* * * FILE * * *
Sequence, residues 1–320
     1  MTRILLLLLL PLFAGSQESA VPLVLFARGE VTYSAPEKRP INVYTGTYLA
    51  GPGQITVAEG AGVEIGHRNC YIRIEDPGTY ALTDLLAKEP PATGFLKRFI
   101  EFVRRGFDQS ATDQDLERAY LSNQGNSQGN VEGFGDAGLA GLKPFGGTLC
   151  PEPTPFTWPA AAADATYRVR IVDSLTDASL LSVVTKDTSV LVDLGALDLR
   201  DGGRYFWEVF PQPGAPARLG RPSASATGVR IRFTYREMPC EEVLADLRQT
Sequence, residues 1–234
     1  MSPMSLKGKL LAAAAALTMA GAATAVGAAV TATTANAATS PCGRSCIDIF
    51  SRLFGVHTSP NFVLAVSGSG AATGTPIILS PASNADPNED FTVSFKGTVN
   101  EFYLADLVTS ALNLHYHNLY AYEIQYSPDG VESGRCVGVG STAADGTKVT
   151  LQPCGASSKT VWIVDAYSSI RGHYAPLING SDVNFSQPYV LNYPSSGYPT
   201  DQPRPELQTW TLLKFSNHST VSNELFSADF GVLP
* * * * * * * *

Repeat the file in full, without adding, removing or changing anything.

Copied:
Sequence, residues 1–320
     1  MTRILLLLLL PLFAGSQESA VPLVLFARGE VTYSAPEKRP INVYTGTYLA
    51  GPGQITVAEG AGVEIGHRNC YIRIEDPGTY ALTDLLAKEP PATGFLKRFI
   101  EFVRRGFDQS ATDQDLERAY LSNQGNSQGN VEGFGDAGLA GLKPFGGTLC
   151  PEPTPFTWPA AAADATYRVR IVDSLTDASL LSVVTKDTSV LVDLGALDLR
   201  DGGRYFWEVF PQPGAPARLG RPSASATGVR IRFTYREMPC EEVLADLRQT
Sequence, residues 1–234
     1  MSPMSLKGKL LAAAAALTMA GAATAVGAAV TATTANAATS PCGRSCIDIF
    51  SRLFGVHTSP NFVLAVSGSG AATGTPIILS PASNADPNED FTVSFKGTVN
   101  EFYLADLVTS ALNLHYHNLY AYEIQYSPDG VESGRCVGVG STAADGTKVT
   151  LQPCGASSKT VWIVDAYSSI RGHYAPLING SDVNFSQPYV LNYPSSGYPT
   201  DQPRPELQTW TLLKFSNHST VSNELFSADF GVLP